into a shout, Among the godless horsemen upon the tyrant's

right. And hark ! like the roar of the billows on the shore,

The cry of battle rises along their charging line ! For God! for the Cause! for the Church ! for the

Laws ! For Charles King of England, and Rupert of the

Rhine ! The furious German comes, with his clarions and

his drums, His bravoes of Alsatia, and pages of Whitehall ; They are bursting on our flanks. Grasp your pikes,

close your ranks ; For Rupert never comes but to conquer or to fall. They are here! They rush on! We are broken !

We are gone! Our left is borne before them like stubble on the

blast.

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O Lord, put forth thy might! O Lord, defend the

right! Stand back to back, in God's name, and fight it to

the last Stout Skippon hath a wound; the centre hath

given ground : Hark! hark !What means the trampling of

horsemen on our rear ? Whose banner do I see, boys ? 'Tis he, thank God!

'tis he, boys. Bear up another minute : brave Oliver is here. Their heads all stooping low, their points all in a row, Like a whirlwind on the trees, like a deluge on the

dykes, Our cuirassiers have burst on the ranks of the

Accurst, And at a shock have scattered the forest of his

pikes. Fast, fast, the gallants ride, in some safe nook to hide Their coward heads, predestined to rot on Temple

Bar : And he-he turns, he flies shame on those cruel

eyes That bore to look on torture, and dare not look on

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war.

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Ho! comrades, scour the plain ; and, ere ye strip

the slain, First give another stab to make yoursearch secure, Then shake from sleeves and pockets their broad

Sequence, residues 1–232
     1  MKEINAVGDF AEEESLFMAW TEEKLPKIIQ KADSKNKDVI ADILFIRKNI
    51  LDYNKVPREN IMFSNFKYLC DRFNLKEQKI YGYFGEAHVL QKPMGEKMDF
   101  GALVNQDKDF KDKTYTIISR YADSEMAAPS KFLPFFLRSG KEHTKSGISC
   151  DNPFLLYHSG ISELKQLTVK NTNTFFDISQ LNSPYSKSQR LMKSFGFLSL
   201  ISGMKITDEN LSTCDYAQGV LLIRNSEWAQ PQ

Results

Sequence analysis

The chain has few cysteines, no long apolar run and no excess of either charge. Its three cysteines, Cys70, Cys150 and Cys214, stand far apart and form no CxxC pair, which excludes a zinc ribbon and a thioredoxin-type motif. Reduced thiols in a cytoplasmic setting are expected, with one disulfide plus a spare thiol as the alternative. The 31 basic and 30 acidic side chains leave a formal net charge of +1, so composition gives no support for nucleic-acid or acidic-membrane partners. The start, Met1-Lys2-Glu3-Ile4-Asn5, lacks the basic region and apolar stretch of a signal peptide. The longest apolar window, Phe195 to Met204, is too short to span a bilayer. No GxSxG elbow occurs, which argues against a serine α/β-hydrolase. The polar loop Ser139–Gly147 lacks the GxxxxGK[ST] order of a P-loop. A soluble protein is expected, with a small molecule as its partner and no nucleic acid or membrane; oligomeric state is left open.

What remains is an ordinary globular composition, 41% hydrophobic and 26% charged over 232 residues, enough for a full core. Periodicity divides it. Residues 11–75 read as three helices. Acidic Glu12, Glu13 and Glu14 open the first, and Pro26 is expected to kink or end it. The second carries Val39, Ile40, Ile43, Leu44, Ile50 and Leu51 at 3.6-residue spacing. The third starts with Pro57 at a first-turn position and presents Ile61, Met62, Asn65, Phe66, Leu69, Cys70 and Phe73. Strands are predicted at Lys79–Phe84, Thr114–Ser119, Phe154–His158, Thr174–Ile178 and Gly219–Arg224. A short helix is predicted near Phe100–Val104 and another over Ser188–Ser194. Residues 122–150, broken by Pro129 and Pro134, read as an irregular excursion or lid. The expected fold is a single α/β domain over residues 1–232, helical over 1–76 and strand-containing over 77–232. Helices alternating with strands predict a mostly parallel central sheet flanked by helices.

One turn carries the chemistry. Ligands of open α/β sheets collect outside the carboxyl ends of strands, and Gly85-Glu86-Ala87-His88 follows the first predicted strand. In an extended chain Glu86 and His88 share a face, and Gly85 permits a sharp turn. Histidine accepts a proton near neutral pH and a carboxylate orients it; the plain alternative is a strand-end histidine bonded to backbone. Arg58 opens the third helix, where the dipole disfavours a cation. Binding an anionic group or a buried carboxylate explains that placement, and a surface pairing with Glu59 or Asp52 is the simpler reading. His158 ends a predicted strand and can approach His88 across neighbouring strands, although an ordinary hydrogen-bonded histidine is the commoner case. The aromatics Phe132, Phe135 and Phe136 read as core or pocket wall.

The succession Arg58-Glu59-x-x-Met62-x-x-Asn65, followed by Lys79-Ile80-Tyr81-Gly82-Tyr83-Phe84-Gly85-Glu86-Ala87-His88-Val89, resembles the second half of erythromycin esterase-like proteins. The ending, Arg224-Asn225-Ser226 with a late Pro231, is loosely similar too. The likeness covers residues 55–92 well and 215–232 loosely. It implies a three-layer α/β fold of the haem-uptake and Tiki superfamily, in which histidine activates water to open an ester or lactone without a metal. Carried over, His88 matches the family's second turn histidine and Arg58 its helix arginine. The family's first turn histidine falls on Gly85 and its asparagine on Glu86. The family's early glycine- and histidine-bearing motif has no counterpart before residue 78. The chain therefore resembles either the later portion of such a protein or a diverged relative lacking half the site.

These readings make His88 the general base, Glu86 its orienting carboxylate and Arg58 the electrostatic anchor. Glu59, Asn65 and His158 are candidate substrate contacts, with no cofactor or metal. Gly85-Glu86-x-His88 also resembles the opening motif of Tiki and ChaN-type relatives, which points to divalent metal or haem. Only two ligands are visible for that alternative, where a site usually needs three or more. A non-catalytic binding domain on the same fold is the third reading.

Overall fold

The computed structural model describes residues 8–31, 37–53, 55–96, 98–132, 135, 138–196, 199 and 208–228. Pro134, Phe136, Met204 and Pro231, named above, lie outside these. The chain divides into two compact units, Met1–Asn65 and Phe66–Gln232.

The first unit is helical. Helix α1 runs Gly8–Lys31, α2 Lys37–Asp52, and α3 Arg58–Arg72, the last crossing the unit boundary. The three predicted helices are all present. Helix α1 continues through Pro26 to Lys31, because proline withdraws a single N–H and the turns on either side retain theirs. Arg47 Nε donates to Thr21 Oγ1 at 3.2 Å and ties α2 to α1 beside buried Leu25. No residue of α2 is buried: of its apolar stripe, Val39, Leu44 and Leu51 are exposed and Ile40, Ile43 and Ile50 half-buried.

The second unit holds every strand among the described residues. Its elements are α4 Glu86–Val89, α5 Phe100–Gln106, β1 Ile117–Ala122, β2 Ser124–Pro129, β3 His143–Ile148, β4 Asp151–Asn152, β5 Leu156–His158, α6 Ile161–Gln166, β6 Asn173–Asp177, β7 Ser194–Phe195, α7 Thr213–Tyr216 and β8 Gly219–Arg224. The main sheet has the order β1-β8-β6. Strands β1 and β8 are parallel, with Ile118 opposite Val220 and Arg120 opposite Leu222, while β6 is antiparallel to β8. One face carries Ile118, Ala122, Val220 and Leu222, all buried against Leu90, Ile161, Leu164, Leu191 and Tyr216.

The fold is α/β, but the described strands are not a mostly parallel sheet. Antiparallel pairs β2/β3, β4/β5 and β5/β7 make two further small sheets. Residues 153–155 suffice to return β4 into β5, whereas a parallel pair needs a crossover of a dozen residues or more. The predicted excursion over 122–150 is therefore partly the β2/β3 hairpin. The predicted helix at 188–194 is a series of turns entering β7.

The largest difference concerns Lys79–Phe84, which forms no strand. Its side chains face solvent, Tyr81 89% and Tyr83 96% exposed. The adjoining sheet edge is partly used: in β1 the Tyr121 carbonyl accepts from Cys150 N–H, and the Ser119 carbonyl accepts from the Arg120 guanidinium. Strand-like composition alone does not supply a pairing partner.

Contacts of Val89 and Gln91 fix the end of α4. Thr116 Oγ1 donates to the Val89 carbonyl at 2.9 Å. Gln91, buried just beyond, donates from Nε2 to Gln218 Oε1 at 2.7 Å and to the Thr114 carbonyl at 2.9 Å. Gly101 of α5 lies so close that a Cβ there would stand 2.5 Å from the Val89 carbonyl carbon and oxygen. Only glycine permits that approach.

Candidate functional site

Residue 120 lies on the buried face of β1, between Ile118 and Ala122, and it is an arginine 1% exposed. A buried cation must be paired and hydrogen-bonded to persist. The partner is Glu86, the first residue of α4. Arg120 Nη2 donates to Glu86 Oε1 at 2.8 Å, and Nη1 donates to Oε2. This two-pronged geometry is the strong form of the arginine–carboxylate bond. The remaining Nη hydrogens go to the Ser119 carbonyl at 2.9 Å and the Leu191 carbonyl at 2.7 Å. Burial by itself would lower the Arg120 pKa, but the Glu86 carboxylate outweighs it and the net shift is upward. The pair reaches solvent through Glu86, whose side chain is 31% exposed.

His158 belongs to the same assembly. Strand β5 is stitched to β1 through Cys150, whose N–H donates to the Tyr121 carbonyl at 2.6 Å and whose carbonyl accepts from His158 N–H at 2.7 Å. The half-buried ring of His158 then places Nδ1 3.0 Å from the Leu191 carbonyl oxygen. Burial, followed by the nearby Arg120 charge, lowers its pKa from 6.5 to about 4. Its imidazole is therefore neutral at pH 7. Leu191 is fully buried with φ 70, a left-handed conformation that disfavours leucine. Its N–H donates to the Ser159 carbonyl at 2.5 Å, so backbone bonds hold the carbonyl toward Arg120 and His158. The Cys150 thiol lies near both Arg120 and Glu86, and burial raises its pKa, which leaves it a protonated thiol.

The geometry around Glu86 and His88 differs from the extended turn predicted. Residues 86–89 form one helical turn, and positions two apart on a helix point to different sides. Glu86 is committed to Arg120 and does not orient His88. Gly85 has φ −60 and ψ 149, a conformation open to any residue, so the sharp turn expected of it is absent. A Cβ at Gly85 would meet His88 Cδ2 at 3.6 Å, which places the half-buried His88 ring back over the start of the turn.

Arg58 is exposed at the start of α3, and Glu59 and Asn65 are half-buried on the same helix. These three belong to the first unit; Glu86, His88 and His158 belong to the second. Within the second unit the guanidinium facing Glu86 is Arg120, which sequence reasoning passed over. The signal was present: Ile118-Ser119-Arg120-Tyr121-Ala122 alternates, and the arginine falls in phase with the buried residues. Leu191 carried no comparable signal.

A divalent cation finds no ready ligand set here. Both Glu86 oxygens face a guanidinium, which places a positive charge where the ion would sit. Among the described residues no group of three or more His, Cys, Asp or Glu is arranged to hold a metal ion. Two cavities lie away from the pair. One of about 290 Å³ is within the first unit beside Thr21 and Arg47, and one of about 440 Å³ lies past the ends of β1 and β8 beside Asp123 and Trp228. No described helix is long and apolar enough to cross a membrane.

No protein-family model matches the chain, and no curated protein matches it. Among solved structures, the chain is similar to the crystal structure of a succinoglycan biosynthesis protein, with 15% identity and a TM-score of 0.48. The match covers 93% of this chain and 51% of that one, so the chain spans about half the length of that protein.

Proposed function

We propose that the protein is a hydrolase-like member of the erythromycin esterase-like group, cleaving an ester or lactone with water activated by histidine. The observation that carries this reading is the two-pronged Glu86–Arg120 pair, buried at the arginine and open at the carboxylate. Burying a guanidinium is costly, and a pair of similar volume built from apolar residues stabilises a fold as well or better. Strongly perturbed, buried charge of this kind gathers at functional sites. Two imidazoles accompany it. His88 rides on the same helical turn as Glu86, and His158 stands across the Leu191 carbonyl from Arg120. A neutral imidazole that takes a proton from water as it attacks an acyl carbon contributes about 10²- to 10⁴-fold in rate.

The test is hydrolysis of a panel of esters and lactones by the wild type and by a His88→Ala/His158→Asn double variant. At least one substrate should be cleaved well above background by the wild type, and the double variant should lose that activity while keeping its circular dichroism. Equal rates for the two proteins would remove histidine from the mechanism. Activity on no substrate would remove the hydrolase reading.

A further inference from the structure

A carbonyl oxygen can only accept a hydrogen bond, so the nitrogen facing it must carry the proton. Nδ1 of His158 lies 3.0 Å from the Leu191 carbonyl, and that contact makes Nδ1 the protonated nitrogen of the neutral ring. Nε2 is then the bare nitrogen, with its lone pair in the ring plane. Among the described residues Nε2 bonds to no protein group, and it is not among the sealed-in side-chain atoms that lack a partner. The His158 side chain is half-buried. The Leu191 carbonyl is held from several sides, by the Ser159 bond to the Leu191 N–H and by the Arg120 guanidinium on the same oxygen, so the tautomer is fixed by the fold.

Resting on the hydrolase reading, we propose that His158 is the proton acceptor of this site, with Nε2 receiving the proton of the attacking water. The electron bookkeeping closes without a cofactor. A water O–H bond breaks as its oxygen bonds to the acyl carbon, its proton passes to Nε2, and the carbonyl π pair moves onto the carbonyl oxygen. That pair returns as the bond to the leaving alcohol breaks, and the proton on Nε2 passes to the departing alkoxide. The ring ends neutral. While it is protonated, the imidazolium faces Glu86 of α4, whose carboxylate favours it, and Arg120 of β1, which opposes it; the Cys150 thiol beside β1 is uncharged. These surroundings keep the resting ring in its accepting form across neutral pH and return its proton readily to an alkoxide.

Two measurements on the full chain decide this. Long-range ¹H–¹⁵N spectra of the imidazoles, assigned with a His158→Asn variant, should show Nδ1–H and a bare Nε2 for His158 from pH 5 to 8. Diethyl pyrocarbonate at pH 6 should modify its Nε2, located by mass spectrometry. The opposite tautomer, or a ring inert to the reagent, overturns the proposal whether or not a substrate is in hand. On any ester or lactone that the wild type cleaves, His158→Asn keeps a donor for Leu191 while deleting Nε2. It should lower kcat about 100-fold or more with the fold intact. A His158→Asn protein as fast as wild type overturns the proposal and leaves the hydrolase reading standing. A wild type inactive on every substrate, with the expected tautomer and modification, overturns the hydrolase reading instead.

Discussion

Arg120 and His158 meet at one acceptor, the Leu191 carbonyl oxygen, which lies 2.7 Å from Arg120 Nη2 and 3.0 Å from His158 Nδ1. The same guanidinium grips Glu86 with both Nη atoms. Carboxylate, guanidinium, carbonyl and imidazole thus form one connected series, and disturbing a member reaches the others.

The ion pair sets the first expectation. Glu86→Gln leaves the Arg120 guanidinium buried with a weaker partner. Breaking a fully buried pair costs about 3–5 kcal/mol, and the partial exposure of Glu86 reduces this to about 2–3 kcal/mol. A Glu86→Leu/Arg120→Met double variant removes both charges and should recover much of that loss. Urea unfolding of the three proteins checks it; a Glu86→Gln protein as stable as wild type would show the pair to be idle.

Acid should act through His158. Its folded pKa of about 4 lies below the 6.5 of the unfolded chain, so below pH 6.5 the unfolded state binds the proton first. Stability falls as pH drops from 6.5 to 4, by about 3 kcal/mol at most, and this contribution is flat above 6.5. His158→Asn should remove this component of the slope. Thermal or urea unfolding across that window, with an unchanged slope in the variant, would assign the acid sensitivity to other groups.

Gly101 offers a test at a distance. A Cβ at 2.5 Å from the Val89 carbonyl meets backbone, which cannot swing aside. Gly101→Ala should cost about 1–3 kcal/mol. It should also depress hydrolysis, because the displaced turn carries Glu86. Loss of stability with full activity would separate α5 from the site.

pieces and lockets, The tokens of the wanton, the plunder of the poor. Fools! your doublets shone with gold, and your

hearts were gay and bold, When you kissed your lily hands to your lemans

to-day; And to-morrow shall the fox, from her chambers in

the rocks, Lead forth her tawny cubs to howl above the prey.

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Where be your tongues that late mocked at heaven

and hell and fate, And the fingers that once were so busy with your

blades, Your perfum'd satin clothes, your catches and your

oaths, Your stage - plays and your sonnets, your

diamonds and your spades ?

Down, down, for ever down with the mitre and the

crown, With the Belial of the Court, and the Mammon of

the Pope; There is woe in Oxford Halls ; there is wail in Durham's Stalls :

55 The Jesuit smites his bosom ; the Bishop rends

his cope.

And She of the seven hills shall mourn her children's

ills, And tremble when she thinks on the edge of

England's sword ; And the Kings of earth in fear shall shudder when

they hear What the hand of God hath wrought for the Houses and the Word.

60 LORD MACAULAY.

302
BLACKMWORE MAIDENS
The primrwose in the sheäde do blow,

The cowslip in the zun,
The thyme upon the down do grow,

The clote where streams do run;
An' where do pretty maïdens grow

An' blow, but where the tow'r
Do rise among the bricken tuns,

In Blackmwore by the Stour?